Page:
Tuesday, April 03, 2007

Dark Knowledge: Banville's Black Cloak

Christine Falls / Benjamin Black
There is little pretense, or is it little faith, or perhaps both, in the fact that the rear dustwrapper flap of the American edition of Christine Falls reveals quite plainly that Benjamin Black is John Banville. (I assume it is the same with the British edition pictured here, a cover which captures, unlike the American cover art, the atmosphere of the setting.) Was this the forthrightness of Banville himself not wanting to pull the wool over our eyes? Unlikely. The publishers? Most likely. They must have weighed the readership of a new crime series with the known factor of Banville followers, Ban's Fans so to speak, and after a little mathematical work realised there would be good sales all round with the combination.
Banville's choice of pseudonym is of interest for anything Banville creates is so. The surname "Black" is self-evidently appropriate for the "noir" crime novel. The given name, "Benjamin", translates as "son of the right hand." If Banville is left-handed then it would be seen as the work of the other. But if John Banville is right-handed then it is even more interesting for it would be the mirrored reflection of the author, a sinistral performance is delivered by his reflected self. His dark double. A rather Nabokovian conceit.

There have been some authors who, perhaps eyeing retirement in the south of France, have tried to forge a new identity and leave their long list of under appreciated, though critically acclaimed, literary novels behind like a wardrobe that is no longer working for them. I think of the Canadian novelist, Trevor Ferguson, whose alter-ego, John Farrow, has provided some interest in the battle against crime. But Banville is at the top of the heap and has done well financially, so unless he likes the horses too much, we can assume he has always found this genre appealing and is looking for a challenge. But though to write pseudonymously is possible, to write anonymously is difficult. We live in times of book signings, author tours, trade shows and book expos, and interviews across the gamut. What is an author to do? Perhaps he could sport a mustache, or don Simenon-like spectacles and smoke a pipe, and say, "Yes, people often say I look like John Banville the literary author." No, it won't do. One cannot lie. One must leave those to ones characters.

And lie they do. Falsehoods are the very supports holding their lives in place. Indeed, It seems that place and period are the very inspirations for the novel, a time when lies and religious sins were abundant. Dublin in the 1950s is a darkly etched cityscape. The ghosts of LeFanu and Wilde would find their old Merrion Street haunts to have frightfully changed. His main protagonist, Quirke, the pathologist who prefers his drapes drawn, and the dead to the living, wanders within a rather small circumference of south east central Dublin, but one gets a feel for the wet streets and rank odors, and one can almost smell the omniscient cigarette smoke. He paints his characters with quick flourishes of the brush, like an Augustus John with a two foot brush at arms length, and we wonder at the skilled use of colour. Minor characters come alive with a few deft strokes. I rather like Poole in chapter one, Quirke's neighbour who Black/Banville describes thus:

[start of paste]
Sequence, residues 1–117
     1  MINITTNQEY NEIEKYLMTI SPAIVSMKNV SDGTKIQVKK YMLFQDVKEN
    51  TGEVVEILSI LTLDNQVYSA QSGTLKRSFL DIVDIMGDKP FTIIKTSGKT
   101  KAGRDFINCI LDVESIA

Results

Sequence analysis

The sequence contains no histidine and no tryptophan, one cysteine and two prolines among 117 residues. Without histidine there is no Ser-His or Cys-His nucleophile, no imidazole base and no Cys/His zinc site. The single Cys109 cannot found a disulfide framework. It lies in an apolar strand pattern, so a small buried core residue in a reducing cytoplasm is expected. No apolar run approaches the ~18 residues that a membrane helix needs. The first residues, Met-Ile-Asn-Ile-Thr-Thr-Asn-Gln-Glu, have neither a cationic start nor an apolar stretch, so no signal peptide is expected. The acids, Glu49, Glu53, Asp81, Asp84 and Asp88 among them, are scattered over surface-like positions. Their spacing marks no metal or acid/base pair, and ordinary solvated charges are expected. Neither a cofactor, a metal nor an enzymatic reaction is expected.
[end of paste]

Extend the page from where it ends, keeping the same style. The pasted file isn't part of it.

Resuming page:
Poole stood sideways in the barely open doorway of his flat, neither in nor out, his accustomed stance, with an expression at once truculent and timid. He was an early riser, if indeed he ever slept. He wore a sleeveless pullover and a dicky-bow, twill trousers sharply creased, gray carpet slippers. He looked, Quirke always thought, like the father of a fighter pilot in one of those Battle of Britain films, or better still, the father of the fighter pilot's girlfriend.

Another character who seems to pass through doorways sideways is the young protestant admirer of Phoebe with an Irish given name, Conor Carrington:

Conor Carrington was, Quirke noted, the kind of person who enters sideways through a doorway, slipping rather than stepping in. He was tall and sinuous with a long, pale face and the hands, slender and pliant and white. . . . he had the look, Quirke thought, of a man arriving unwillingly at the wake of someone with whom he had been barely acquainted.

These descriptions carry much other information and colour the backcloth of the period; the protestant and catholic issues loom over the stage like blasted trees bereft of leaf pointing sharp fingered branches at each other.
I won't detail the plot. Only say that by the last quarter of the novel I felt I was reading a book by Benjamin Black. But that may have been the shift of place, a shift to Boston, and the fact that the finish line was in view, the dust having settled from the revelations so to speak.

Will life prevail? If, in the equation a lie takes the "f" out of life, then the "f" must represent truth, and the "f" will try to prevail. But there is always a cost. The book ends in the spring with the hope of renewal and change, warm soft breezes and the hint of justice. But one can only imagine the foggy autumn rounds, the slippery way along the tow path, the smokey pubs and clouds lowering over Merrion Street. A place where justice is thwarted by the powers in high places using sinister information and brute force. I already anticipate the next Benjamin Black crime novel, but I do hope Banville will return as well. Even if he is sporting a mustache.

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